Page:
Local authorities are still able to use bylaws to derogate from NZBORA rights and freedoms in ways that can be demonstrably justified in a free and democratic society.[89] If a bylaw was challenged as ultra vires because of section 155(3), a court would first attempt to find an interpretation that was consistent with the NZBORA[90] but could invalidate all or part of a bylaw if restrictions were unreasonable or unjustified.[91]

D The Local Government Commission and the Minister of Local Government

Local authorities are also subject to the scrutiny of the Local Government Commission. The Commission was established in 1912 as the Local Government Board[92] and is continued by section 28 of the LGA 2002. The Commission is effectively a Commission of Inquiry[93] and can report to the Minister of Local Government on matters related to local government.[94] Its specific functions are to provide information about local government and to promote good local government practice.[95] This could include scrutiny of how local authorities are exercising their delegated authority but the Commission sees itself as having a narrower function: "to make decisions on the structure and representation requirements of local government in New Zealand."[96] It does not directly monitor local authority law-making.

On a holistic level, if a local authority fails to perform its functions, duties and responsibilities the Minister of Local Government can order that it be reviewed[97] or replaced, either by appointing a person to take over the local authority's functions[98] or by ordering a new local body election.[99] These measures only apply if a local authority is experiencing significant failure, mismanagement or deficiency, or either wilfully refuses or is unable to perform its duties and exercise its powers.[100] A council that exceeds its bylaw-making powers, but is otherwise performing well, is unlikely to be reviewed or replaced.

E Community Scrutiny

Perhaps the most effective check on local government is the power of local democracy. Councillors are elected representatives of their communities and are accountable to voters every three years. The theory is that councils will act responsibly because councillors want to be re-elected. The LGA 2002 emphasises the importance of community involvement by stating that one of the purposes of local government is "to enable democratic local decision-making and action by, and on behalf of, communities".[101] Unfortunately the effectiveness of democracy as a check on the actions of local authorities is limited by the sector's historic problem of poor public participation.[102]

The LGA 2002 instigates several measures aimed at increasing community involvement, including requiring local authorities to undertake consultation[103] and consider community views when making decisions.[104] These measures are clearly aimed at the behaviour of councils rather than communities. You can lead a horse to water but you cannot make it drink; hence citizens cannot be forced to take an interest, no matter how publicly councils conduct their business.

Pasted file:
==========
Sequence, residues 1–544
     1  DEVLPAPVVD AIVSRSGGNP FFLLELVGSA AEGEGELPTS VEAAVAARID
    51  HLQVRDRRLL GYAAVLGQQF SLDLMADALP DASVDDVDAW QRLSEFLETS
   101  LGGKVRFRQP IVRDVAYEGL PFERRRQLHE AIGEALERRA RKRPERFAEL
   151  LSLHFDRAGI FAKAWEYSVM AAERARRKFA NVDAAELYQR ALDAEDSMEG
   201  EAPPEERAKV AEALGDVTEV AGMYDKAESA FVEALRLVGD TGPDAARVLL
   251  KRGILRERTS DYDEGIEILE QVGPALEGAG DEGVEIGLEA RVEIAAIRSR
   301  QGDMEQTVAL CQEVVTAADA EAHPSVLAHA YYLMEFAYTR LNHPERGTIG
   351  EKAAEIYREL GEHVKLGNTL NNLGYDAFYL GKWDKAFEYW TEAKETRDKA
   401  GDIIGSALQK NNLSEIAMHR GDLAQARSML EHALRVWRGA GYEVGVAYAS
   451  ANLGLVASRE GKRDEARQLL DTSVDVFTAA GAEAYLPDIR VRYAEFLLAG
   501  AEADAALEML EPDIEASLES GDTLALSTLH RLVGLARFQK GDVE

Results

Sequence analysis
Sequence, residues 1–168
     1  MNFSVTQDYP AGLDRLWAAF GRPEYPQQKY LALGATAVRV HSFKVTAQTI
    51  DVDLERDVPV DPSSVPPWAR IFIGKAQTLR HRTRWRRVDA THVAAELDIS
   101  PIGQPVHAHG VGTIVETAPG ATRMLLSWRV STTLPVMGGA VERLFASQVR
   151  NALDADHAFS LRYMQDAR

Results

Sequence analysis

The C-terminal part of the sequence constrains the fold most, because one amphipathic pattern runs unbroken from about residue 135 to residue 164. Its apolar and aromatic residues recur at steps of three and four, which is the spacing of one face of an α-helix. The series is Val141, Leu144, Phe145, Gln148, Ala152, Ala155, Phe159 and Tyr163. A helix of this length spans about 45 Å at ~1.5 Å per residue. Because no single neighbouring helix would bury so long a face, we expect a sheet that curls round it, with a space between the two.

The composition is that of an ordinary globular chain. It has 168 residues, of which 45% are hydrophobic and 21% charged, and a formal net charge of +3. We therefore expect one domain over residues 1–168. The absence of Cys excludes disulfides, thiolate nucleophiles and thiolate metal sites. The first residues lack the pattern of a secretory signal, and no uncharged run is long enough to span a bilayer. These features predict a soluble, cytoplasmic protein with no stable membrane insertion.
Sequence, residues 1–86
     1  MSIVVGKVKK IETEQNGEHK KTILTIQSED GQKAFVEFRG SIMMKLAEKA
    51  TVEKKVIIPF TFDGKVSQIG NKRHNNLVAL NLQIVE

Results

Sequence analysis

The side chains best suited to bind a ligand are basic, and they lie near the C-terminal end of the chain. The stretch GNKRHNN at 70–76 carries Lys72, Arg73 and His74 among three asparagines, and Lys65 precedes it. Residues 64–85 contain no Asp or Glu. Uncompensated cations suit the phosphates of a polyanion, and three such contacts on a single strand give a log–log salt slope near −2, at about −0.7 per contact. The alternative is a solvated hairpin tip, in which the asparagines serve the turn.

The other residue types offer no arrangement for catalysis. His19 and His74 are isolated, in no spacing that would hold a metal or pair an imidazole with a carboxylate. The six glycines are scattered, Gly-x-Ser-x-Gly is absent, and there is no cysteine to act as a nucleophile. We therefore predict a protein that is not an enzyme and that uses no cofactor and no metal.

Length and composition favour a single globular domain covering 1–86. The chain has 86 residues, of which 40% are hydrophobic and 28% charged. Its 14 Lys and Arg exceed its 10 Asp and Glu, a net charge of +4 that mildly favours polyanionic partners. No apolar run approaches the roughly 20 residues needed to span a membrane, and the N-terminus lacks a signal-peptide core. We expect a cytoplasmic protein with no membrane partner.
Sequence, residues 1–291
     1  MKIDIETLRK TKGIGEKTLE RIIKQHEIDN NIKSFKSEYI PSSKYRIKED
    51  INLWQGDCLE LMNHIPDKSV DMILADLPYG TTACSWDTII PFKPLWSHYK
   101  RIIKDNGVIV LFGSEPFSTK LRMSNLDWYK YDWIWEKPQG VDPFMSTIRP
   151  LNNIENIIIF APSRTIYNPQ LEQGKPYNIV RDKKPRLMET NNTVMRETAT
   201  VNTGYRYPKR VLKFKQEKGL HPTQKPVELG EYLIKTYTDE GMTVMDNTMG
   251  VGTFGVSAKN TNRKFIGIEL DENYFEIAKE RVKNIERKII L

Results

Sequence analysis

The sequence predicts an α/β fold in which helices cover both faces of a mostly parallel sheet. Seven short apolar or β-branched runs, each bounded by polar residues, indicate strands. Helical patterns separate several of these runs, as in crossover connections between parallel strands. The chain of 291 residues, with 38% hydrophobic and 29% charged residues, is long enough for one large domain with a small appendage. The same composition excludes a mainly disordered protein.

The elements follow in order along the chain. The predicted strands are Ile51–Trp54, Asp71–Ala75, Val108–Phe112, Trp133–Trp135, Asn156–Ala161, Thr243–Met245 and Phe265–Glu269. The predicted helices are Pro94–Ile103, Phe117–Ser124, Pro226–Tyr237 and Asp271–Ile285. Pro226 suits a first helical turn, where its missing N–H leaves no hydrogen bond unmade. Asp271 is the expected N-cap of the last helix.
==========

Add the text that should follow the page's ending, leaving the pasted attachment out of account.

Even if citizens do develop a thirst for local government and want to participate, councils are not obliged to base their decisions on the views of the majority. Their duty is to promote and sustain the social, economic, environmental and cultural well-being of their community[105] which may mean putting long-term goals ahead of short-term popular opinion. This duty could be in direct conflict with the political pressure to please the voting public. However local authorities decide to tread that line, they must conduct their business in an "open, transparent and democratically accountable manner".[106]

F Remedies of Last Resort

When non-judicial scrutiny fails and local government power is misused, those affected can apply to the High Court for judicial review. Actions in judicial review may be taken "in relation to the exercise, refusal to exercise, or proposed or purported exercise by any person of a statutory power".[107] Statutory powers include powers delegated under an Act to make bylaws or other subordinate legislation; to exercise a statutory power of decision; to impose a legal obligation or restriction; or to otherwise interfere with a person's legal rights.[108] Local authorities are subject to actions in judicial review whenever they make or enforce bylaws.

The field of judicial review is immense but the underlying principle can be stated simply: decisions or actions that are beyond the authority delegated for that purpose are ultra vires. Section 12(3) of the LGA 2002 expressly states that local authorities are not empowered to override any enactment or the general law, and an ultra vires bylaw can be quashed by the High Court.[109]

Given the changed approach to power delegation in the LGA 2002, the doctrine of ultra vires in relation to local authority bylaws may need to be reassessed by the courts. In pure form, a power of general competence is the antithesis of the ultra vires doctrine, because a power to do anything cannot be exceeded. However, as discussed above, the power of general competence defined by the LGA 2002 is limited to actions that further the purpose of local government.[110] A new body of case law may develop as the courts determine the purpose of local government by exploring the boundaries of social, economic, environmental and cultural aspects of community well-being.

Judicial review provides a backstop to other checks on local authorities' exercise of their delegated authority but it is not a realistic option for all citizens. Actions in judicial review are expensive. The archetypal busker may be a good example of a citizen who can ill afford to challenge a local authority in court.